How Does Pay-Per-Click Marketing Work? (A Beginners Guide For Newbies)

Think again if you believe you know everything there is to know about pay-per-click (PPC) based solely on its name. A successful PPC campaign entails far more than you may realize.

What Exactly Is PPC?

PPC is true to its name. It’s a method of online advertising in which you only pay when people click on your ad.

It’s frequently regarded as the “go-to” method for online advertisers who don’t want to pay just to have their ad displayed. They want to be paid only when people take action as a result of their advertisement.

Doesn’t that seem like a much better way to invest in marketing?

The Most Common Types of PPC

PPC ads can be run through a variety of ad networks. Some are more well-known than others.

Without a doubt, Google AdWords is the most well-known of the bunch. This network enables you to place advertisements in search results and on private websites.

Google, however, is not the only search engine in town. Bing has its own PPC platform that allows you to run ads across a number of Microsoft search properties and partners.

Facebook also has a pay-per-click (PPC) advertising model. Because Facebook advertising is relatively inexpensive, it is popular among marketers.

You can also run PPC display ads, which are a great alternative to the more boring, text-based ads that many websites use.

Finally, you can use PPC to run a retargeting campaign. That’s an excellent way to entice customers who have already visited your website.

What Is the Price of PPC?

What is the cost of running a PPC campaign? It is conditional.

To begin, PPC campaigns are built around keywords. Some keywords are more expensive than others.

Why? Because they are more in demand. If you want to run an ad with the keyword “car insurance,” you can bet it will cost much more per click than an ad with the keyword “St. Ignatius.”

This is due to the fact that more advertisers are bidding for “car insurance” than “St. Ignatius.”

You are also in charge of determining the cost of a PPC campaign. Most ad networks allow you to set a budget so that your costs don’t spiral out of control.

For example, you could run a campaign with a daily budget of $100. Once you’ve spent that much, the ad network will turn off your ads for the rest of the day, preventing you from spending any more money.

The PPC Elements

PPC, as we’ve seen, is more complicated than many marketers realize. A PPC campaign, in fact, consists of several components:

The Campaign as a Whole – The campaign itself is at the top of the hierarchy. You could, for example, run an advertising campaign with a holiday theme.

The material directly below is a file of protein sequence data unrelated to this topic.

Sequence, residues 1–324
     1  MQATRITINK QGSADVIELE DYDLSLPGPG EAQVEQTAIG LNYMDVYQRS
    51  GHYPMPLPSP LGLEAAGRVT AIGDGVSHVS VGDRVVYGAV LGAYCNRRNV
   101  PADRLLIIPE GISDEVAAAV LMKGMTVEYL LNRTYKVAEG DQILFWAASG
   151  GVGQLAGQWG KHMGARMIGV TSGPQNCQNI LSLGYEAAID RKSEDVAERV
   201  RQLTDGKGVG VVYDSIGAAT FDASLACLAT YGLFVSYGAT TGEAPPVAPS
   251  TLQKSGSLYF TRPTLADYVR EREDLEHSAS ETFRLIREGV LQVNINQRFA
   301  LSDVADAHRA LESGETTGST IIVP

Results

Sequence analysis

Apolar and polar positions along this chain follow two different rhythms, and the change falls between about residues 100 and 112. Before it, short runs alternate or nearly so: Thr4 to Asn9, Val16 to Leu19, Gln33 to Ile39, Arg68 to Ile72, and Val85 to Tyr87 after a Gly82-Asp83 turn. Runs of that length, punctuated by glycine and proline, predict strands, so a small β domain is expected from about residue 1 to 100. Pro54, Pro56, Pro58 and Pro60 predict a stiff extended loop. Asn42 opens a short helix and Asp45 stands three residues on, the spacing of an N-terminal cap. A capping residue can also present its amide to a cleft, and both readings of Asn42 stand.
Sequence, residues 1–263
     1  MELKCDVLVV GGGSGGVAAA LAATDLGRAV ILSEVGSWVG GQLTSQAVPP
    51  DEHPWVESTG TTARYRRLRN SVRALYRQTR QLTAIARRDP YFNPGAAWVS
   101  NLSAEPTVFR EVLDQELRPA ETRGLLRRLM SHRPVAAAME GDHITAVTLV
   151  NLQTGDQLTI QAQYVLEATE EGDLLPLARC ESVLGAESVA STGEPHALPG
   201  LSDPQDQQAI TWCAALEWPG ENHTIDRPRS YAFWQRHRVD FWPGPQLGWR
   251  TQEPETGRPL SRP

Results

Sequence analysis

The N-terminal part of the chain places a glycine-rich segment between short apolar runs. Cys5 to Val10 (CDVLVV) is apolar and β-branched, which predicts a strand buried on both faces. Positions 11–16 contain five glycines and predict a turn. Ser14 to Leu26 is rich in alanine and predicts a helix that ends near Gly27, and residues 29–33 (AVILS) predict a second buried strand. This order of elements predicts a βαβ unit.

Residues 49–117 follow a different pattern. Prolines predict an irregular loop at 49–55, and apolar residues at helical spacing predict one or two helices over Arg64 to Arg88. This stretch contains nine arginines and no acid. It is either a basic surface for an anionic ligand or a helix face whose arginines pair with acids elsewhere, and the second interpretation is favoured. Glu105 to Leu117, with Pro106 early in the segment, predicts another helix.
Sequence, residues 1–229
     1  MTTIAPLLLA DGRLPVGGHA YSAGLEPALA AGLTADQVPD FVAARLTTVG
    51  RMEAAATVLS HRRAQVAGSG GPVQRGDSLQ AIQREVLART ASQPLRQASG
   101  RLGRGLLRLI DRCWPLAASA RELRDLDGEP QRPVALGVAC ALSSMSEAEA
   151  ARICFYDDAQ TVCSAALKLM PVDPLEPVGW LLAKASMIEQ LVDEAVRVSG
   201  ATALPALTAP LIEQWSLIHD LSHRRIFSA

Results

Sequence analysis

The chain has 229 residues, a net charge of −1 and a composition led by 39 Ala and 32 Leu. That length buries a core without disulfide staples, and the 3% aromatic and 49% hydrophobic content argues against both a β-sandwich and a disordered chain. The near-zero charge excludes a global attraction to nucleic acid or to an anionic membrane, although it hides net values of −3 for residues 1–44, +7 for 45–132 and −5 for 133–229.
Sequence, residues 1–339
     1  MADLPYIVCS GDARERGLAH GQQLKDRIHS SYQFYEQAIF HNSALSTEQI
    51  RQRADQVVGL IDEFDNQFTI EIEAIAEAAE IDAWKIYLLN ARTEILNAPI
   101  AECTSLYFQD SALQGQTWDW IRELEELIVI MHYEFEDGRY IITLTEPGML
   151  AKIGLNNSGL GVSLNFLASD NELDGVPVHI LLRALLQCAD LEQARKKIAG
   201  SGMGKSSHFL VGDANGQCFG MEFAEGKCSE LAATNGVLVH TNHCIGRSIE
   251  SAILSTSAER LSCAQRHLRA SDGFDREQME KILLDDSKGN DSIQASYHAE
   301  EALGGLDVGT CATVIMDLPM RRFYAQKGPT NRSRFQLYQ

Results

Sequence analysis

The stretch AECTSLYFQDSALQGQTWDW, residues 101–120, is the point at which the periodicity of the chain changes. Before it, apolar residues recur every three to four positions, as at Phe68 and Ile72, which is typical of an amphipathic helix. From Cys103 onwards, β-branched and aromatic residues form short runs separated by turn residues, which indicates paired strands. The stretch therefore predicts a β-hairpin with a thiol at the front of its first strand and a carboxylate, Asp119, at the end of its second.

The Ad Group – An ad group is a collection of ads associated with a campaign. For example, you could have one ad group dedicated to holiday party gag gifts. You might have another Christmas card-related group.

Keywords – Make sure your keywords are relevant to your ad group. In determining ad placement, Google will consider keyword relevance (more on this in a bit).

Ad Text – Include some enticing text in your ad to entice people to click on it. When writing ad copy, it’s usually best to enlist the help of a professional copywriter.

The landing page is where people “land” after clicking on your ad. It should be relevant to your keywords as well.

What Is the Process of the Auction?
In an open auction, ad networks typically allow people to bid on keywords. But don’t think that just because you’ve visited eBay a few times means you know everything there is to know about bidding on keywords.

Keyword bidding is a little more complicated.

This is due to the fact that your ad placement is determined in part by your bid. The quality of the ad itself is another consideration in ad placement.

Google determines the quality of your ad by assessing its relevance to your keywords, the relevance of your landing page, and the ad’s click-through rate.

Simply multiply your bid by your quality score to determine your overall ad rank. For example, if your quality score is ten and your bid is one dollar, your rank is ten (10 x 1).

If your ad rank is higher than the ad rank of other advertisers bidding on the same keyword, your ad will appear first.

Keep in mind, however, that the amount you pay is not the same as your bid. It is going to be less.

That’s because Google divides your quality score by the ad rank of the next highest bidder and then adds a penny to your payment. So, if your quality score is 10 and the next highest bidder’s ad rank is 9, you pay 91 cents (9/10 +.01).

See? It’s difficult.

Hire a Professional

If you only remember one thing from this article, make it this: when it comes to PPC, you should not go it alone.

When you go into online advertising without professional guidance, there are far too many ways to lose money.

Find a company (or hire a rock star employee) to assist you in locating the best ad network for your brand and collaborating on ad copy, bidding strategies, and testing. Also, before you begin, conduct a thorough competitive analysis.

You’ve put in a lot of effort to build your company. When you want to advertise online, work with a reputable PPC company to keep it profitable.

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